Room: Exhibit Hall | Forum 4
Purpose: To significantly enhance multi-helix rotating shield brachytherapy (H-RSBT) treatment planning quality by solving convex optimization algorithm and selecting the delivery keyways (helices). The proposed method aims to maximize the dose delivery as well as to reduce the treatment time by using fewer keyways while guaranteeing planning performance.
Methods: A H-RSBT applicator design has the source/shield makes 54Â° of rotation per 5mm of its translation along the applicator, with 1.7mm spacing between dwell positions. Each of delivery path with a different starting shield opening orientation is a keyway. We devise the first-order convex optimization algorithm with consideration of minimizing treatment time of a plan, and solve the problem by the proximal graph solver (POGS). The potential 24 keyways are separated into smaller sectors, and we select keyways with high delivery time. The proposed keyway selection optimization method was validated using five clinical datasets of MRI-guided, cervical cancer HDR brachytherapy. Our treatment plans were compared with conventional H-RSBT with 6-equal-spacing keyways. Different number of keyways were tested in terms of treatment delivery time and dosimetric plan quality parameters. Considered regions-of-interests consisted of rectum, bladder, sigmoid colon, HR-CTV, and HR-CTV boundary in the asymmetric dose-volume optimization with smoothness control. Dose calculation resolution was 1 mm x 1 mm x 3 mm for all cases.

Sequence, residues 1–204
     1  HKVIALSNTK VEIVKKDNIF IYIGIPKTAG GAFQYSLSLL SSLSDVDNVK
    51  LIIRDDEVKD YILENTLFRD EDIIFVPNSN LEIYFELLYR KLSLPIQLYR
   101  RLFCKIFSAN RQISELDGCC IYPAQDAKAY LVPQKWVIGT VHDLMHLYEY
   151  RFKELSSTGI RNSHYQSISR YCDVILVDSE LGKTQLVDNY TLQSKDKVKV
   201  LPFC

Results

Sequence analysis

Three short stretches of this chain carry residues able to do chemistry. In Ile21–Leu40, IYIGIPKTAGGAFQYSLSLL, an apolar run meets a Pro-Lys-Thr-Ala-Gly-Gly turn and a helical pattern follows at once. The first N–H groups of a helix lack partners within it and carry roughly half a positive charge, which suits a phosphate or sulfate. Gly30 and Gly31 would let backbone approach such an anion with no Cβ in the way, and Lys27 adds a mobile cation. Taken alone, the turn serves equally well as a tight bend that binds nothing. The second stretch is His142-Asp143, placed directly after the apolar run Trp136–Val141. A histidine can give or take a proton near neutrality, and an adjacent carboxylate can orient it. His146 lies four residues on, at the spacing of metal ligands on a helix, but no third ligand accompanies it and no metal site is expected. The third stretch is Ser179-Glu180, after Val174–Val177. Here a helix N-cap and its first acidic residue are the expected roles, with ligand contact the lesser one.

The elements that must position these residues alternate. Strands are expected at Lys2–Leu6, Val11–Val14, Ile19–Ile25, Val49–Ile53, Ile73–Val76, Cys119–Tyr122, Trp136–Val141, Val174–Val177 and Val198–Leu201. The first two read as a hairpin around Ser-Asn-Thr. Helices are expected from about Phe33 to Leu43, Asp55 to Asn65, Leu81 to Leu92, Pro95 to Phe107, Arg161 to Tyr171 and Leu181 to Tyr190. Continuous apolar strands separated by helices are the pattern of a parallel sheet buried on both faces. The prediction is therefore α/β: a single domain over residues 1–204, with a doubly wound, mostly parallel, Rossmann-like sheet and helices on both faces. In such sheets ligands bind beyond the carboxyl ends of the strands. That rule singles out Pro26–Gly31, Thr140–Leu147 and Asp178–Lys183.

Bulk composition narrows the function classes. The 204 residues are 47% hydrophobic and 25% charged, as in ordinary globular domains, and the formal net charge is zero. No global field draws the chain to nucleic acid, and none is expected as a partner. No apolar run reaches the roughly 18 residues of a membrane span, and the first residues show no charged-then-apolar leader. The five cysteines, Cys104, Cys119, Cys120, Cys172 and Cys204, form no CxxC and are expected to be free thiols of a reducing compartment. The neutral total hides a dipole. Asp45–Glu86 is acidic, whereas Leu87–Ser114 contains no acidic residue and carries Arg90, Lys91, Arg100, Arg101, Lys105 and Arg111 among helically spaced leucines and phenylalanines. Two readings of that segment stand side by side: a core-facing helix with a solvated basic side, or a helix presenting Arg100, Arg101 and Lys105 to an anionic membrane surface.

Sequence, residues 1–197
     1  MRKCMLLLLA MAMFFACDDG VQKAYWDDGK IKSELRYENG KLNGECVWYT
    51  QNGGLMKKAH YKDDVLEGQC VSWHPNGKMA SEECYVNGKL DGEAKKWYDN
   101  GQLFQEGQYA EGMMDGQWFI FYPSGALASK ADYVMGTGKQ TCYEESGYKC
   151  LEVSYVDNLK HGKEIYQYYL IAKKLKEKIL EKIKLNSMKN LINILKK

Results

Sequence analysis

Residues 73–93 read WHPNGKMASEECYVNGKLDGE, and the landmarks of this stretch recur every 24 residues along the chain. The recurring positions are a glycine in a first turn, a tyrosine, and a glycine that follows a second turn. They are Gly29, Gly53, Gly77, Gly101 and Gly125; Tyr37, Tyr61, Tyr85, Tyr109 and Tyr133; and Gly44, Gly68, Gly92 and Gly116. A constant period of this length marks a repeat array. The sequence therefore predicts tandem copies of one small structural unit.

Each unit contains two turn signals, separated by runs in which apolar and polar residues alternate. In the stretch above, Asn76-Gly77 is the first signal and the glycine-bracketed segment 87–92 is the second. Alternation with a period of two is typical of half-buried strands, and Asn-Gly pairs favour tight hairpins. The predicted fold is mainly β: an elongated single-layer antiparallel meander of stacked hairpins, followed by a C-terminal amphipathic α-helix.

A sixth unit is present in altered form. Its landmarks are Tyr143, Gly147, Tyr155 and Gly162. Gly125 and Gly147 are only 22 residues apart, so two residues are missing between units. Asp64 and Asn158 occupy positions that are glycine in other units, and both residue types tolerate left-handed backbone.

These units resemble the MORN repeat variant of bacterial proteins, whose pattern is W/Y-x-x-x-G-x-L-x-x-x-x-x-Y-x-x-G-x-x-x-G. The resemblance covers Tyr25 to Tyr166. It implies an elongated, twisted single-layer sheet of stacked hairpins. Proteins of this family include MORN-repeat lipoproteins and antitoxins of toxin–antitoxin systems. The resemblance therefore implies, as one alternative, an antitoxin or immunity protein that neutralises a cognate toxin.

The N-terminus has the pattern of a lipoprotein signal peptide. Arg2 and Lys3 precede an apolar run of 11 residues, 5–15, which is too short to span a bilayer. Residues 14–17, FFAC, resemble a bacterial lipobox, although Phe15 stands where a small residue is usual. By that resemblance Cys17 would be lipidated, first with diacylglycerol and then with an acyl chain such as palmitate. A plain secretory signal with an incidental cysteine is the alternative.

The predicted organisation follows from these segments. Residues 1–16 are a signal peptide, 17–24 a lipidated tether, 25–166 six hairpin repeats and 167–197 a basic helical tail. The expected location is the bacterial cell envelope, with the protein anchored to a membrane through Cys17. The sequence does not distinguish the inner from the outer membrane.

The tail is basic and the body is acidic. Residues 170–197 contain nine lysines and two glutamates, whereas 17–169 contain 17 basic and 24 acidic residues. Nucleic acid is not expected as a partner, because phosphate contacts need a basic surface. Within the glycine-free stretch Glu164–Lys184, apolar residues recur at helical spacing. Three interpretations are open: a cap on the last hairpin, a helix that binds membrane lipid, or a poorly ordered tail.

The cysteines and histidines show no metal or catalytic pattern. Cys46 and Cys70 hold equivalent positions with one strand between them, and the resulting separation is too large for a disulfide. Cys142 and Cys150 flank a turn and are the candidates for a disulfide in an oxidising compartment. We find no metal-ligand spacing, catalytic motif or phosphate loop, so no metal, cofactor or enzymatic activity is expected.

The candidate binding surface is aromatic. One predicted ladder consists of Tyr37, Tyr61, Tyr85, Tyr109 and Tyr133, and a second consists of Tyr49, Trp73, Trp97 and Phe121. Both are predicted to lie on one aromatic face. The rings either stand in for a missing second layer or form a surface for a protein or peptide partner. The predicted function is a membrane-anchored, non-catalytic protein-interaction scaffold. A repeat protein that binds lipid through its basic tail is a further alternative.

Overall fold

Results: 6-keyway selection approach outperformed current H-RSBT in both plan quality and treatment delivery time, on average 1 to 2 Gy higher in HR-CTV Dâ‚‰â‚€ along with superior values in HR-CTV Dâ‚?â‚€â‚€ and all organs-at-risk D2cc. Our method for selection of 3 to 5 keyways saved from 26 to 57% of treatment delivery time, while maintaining reasonable plan quality.
Conclusion: Keyway selection optimization provides superior treatment quality as well as considerably reduce its delivery time.
Funding Support, Disclosures, and Conflict of Interest: This research is partially supported by the National Institutes of Health (NIH) under grant number NIBIB R01EB020665